Maria’s outer bands reach Puerto Rico. Landfall as Cat 5 expected by morning

The first outer bands of “potentially catastrophic” Hurricane Maria began sweeping across Puerto Rico late Tuesday afternoon as the island braced for what could be the strongest storm to hit there in almost a century.

Maria, at 5 p.m., remained an intense and dangerous Category 5 hurricane with sustained winds at 165 mph, according to the National Hurricane Center.

The storm had already left Dominica in ruins and was on a course that also will rake St. Croix in the U.S. Virgin Islands overnight — the second direct hit from a Cat 5 hurricane for the American territory in just over a week. Hurricane Irma left heavy damage and thousands homeless in both St. Thomas and St. John.

Though Puerto Rico, home to nearly 3.5 million people, only got a glancing blow from Irma, nearly 70,000 still remain without power. And Maria promised to make things much worse. The latest track shifted the track slightly west, possibly sparing the heavily populated capital of San Juan the compact storm’s strongest core — but a wobble this way or that could change that and either way, the city was set to endure the storm’s stronger “dirty” side.

Gov. Ricardo Rossello warned that more widespread outages are likely and the government was reopening about 450 shelters capable of taking in up to 125,000 people. Classes were canceled and government employees were told to work only a half-day.

“We have not experienced an event of this magnitude in our modern history,” Rossello warned in a national address on Monday.

Hurricane Maria’s hurricane winds were expected to reach San Juan late Tuesday and then build continually toward an expected landfall, perhaps on the island’s southern shoreline near Ponce sometime in the early morning hours Wednesday. After that, the storm could threaten the Turks and Caicos, which also were heavily damaged by Irma. They were placed under a hurricane watch Tuesday afternoon.

A high pressure ridge is steering the storm to the west-northwest, forecasters said, which should continue for the next few days. Once past Puerto Rico, Maria could begin turning to the northwest as the ridge weakens. Maria, if the predicted track holds true, would pose no threat to Florida but it was too soon to rule out potential impacts for the the rest of the U.S. coast.

The National Weather Service Office in San Juan was predicting sustained winds of 90 to 125 mph across much of the island and gusts up to 175 mph – easily capable of stripping roofs and crumbling weaker older buildings. A storm surge of up to 9 feet could been seen in some areas along with potentially deadly flooding from a predicted 12 to 18 inches of rain, with some spots deluged with up to 25 inches potentially.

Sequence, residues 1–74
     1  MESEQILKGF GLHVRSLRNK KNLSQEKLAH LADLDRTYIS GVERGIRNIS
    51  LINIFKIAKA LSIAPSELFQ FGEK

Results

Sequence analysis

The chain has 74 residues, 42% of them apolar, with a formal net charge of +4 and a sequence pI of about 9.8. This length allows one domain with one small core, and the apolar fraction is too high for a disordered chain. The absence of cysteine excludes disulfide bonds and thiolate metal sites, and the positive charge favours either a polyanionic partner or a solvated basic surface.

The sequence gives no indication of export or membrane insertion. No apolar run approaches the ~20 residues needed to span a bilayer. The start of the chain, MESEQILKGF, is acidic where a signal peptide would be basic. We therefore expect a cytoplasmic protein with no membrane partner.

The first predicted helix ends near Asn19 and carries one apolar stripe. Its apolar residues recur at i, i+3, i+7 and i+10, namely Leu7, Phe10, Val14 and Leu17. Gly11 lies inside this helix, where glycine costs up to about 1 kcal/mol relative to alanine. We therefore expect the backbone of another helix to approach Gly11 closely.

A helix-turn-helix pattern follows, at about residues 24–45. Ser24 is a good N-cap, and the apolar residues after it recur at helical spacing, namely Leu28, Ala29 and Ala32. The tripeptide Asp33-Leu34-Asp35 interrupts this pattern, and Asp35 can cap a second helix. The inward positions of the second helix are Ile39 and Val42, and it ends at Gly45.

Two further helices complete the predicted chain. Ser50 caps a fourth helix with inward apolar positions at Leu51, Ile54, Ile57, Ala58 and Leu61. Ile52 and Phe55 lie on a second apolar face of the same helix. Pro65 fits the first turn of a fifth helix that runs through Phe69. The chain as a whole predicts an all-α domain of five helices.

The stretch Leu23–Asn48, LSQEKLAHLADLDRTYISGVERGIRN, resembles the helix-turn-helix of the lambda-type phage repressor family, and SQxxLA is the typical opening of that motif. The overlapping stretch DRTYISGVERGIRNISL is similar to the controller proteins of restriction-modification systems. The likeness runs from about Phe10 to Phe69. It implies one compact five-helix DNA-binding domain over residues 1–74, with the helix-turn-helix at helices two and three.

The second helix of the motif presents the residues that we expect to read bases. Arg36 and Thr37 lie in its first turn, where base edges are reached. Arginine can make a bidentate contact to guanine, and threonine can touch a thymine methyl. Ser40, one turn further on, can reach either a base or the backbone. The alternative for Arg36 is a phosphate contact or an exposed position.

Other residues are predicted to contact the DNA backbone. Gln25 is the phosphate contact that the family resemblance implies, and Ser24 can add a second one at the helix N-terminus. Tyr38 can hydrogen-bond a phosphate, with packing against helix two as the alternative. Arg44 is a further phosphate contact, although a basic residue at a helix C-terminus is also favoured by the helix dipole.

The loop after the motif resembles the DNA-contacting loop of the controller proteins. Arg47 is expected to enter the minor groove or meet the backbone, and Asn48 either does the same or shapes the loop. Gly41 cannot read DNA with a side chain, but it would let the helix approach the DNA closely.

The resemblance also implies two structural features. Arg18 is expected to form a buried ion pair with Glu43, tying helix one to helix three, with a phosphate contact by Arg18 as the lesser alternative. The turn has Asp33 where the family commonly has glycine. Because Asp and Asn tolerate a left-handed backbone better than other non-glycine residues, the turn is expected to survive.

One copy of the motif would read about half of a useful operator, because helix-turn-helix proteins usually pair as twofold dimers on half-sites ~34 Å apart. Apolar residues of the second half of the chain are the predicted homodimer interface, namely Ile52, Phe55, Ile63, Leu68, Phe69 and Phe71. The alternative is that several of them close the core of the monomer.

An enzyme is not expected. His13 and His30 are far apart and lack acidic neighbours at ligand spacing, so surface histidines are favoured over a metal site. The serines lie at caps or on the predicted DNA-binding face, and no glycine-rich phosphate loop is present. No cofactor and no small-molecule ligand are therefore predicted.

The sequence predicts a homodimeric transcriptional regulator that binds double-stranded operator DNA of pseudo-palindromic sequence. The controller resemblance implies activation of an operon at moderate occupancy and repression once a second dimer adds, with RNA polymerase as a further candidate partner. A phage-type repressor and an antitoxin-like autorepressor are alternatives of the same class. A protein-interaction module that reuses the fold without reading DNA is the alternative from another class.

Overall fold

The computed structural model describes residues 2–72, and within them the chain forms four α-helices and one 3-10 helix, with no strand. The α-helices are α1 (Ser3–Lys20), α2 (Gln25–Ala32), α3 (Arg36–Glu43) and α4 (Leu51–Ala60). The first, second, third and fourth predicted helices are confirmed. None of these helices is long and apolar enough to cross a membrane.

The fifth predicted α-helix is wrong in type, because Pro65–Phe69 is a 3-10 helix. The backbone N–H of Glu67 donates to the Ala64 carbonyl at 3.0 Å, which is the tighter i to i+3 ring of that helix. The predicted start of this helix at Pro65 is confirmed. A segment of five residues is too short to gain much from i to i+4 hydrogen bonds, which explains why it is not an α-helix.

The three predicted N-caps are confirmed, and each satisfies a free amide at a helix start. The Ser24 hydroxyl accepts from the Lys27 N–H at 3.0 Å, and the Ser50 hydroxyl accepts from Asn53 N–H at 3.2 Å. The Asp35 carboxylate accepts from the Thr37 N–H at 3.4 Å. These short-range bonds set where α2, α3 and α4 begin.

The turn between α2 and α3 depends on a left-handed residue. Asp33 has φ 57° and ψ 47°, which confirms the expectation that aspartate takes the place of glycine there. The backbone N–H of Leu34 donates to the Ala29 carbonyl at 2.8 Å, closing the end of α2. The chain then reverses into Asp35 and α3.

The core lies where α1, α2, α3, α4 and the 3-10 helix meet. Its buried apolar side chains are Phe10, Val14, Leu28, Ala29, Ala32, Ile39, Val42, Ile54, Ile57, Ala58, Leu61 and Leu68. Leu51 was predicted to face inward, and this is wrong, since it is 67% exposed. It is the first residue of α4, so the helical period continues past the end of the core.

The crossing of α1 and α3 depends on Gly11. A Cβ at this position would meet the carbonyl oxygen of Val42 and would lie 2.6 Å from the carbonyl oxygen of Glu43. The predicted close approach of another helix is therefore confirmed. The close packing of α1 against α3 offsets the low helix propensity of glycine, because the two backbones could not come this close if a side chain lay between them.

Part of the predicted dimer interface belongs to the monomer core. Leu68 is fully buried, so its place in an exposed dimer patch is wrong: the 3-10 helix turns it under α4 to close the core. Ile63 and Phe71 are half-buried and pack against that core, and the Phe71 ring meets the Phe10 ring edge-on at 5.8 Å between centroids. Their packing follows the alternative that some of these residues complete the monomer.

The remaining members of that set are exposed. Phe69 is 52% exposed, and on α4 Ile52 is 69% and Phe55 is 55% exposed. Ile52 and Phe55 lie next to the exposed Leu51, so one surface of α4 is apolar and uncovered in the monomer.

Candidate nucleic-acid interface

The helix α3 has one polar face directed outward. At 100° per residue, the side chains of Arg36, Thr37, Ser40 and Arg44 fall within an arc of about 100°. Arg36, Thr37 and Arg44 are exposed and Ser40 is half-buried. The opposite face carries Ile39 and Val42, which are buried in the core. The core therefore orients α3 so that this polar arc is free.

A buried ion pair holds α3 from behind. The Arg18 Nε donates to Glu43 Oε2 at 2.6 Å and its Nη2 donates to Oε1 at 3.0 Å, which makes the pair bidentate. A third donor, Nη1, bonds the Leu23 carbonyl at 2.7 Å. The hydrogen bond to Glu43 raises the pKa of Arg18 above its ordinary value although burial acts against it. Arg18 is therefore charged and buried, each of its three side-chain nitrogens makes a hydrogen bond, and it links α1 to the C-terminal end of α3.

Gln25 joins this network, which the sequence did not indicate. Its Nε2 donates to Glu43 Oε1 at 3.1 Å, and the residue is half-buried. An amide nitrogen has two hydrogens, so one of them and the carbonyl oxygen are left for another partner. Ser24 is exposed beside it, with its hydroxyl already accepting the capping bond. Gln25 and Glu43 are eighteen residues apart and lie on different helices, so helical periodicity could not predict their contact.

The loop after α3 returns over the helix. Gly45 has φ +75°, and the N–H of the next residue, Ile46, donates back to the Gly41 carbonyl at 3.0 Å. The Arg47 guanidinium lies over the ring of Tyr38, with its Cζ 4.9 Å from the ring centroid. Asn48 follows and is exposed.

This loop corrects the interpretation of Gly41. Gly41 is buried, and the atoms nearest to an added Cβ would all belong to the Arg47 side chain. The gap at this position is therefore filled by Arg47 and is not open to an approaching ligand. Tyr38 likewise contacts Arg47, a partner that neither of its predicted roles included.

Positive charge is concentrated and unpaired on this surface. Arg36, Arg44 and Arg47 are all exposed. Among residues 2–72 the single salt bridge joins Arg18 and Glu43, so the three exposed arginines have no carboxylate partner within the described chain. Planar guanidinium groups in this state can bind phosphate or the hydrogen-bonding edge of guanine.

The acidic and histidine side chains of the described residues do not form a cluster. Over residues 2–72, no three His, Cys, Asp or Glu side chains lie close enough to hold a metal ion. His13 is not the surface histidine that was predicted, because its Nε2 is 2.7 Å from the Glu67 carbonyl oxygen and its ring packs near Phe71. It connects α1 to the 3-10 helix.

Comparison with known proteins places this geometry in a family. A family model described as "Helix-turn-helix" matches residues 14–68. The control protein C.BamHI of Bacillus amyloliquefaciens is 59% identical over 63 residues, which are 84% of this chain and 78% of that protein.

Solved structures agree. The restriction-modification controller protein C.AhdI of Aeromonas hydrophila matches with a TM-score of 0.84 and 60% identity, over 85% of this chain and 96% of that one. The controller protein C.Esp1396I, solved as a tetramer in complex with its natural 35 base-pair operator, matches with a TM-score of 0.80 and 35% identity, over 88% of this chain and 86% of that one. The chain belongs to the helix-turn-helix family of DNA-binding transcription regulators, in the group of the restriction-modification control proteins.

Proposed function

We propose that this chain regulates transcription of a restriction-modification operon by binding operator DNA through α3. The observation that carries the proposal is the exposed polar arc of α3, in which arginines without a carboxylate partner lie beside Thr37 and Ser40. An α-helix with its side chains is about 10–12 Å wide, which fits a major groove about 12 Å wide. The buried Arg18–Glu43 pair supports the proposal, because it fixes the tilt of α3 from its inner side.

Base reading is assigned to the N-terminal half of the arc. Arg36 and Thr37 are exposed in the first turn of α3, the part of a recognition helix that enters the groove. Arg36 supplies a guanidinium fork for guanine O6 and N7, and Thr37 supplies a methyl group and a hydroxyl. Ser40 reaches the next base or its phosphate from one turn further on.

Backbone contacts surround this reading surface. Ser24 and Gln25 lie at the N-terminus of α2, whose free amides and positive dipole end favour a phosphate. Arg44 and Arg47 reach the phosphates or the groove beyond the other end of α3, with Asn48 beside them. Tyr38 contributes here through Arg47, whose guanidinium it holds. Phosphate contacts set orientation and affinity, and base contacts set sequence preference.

Maria, unlike Irma, was a relatively small storm – with hurricane-force winds extending about 35 miles out from the eye, National Hurricane Center forecasters said. But its core was nearly as power as Irma, which killed at least 42 people and left billions in losses in its march across the Caribbean and up the Florida peninsula.

Maria made landfall on Dominica’s mountainous terrain Monday night, though its churn through the island only resulted in a slight weakening in intensity before it regained strength. Guadeloupe, just north of Dominica, was hit hard by driving rain and high winds overnight when Maria’s eye passed near the southwestern tip of the French overseas territory. Rivers overran their banks, trees blocked roads and a dock split in two at a marina.

A high pressure ridge is steering the storm to the west-northwest, forecasters said, which should continue for the next few days. Once past Puerto Rico, Maria could begin turning to the northwest as the ridge weakens. Maria, if the predicted track holds true, would pose no threat to Florida but it was too soon to rule out potential impacts for the the rest of the U.S. coast.

Maria arrives just over a week after Irma’s eye crossed St. Martin and the British Virgin Islands with 185 mph winds, narrowly missing Puerto Rico. That Category 5 storm killed three in Puerto Rico, toppled trees and knocked out power to about a million, but spared the island a direct blow.

If Maria makes landfall in Puerto Rico, it would be the first hit to the islands since Hurricane Georges in 1998, said Colorado State meteorologist Phil Klotzbach said. That storm went on to make landfall in Key West.

It also would be the strongest storm to hit the island since 1928 when a storm known as the San Felipe Segundo hurricane killed an estimated 2,000 people there, That same storm later hit Florida, destroying a crude early dike around Lake Okeechobee and killing nearly 2,500 people in Florida. That storm was the inspiration for Zora Neale Hurston’s 1937 novel, “Their Eyes Were Watching God.”

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Maria reached the island of Dominica Monday night, and residents there woke up to yet another scene of devastation Tuesday as the storm left a trail of widespread wreckage. Maria’s Category 5 winds uprooted trees and ripped off rooftops including that of the official residence of the country’s prime minister, Roosevelt Skerrit, and triggering an avalanche of those torn-away roofs in the city and the countryside.

Skerrit, who described the storm on his official Facebook page as “Rough! Rough! Rough!” was eventually rescued as the violent rains and winds battered his mountainous island paradise.

Shortly before communication went down at 3 a.m. after the eye had passed, Skerrit described Maria’s impact.

“We have lost all what money can buy and replace,” he said in a post. “My greatest fear for the morning is that we will wake to news of serious physical injury and possible deaths as a result of likely landslides triggered by persistent rains.

“So, far the winds have swept away the roofs of almost every person I have spoken to or otherwise made contact with,” he added.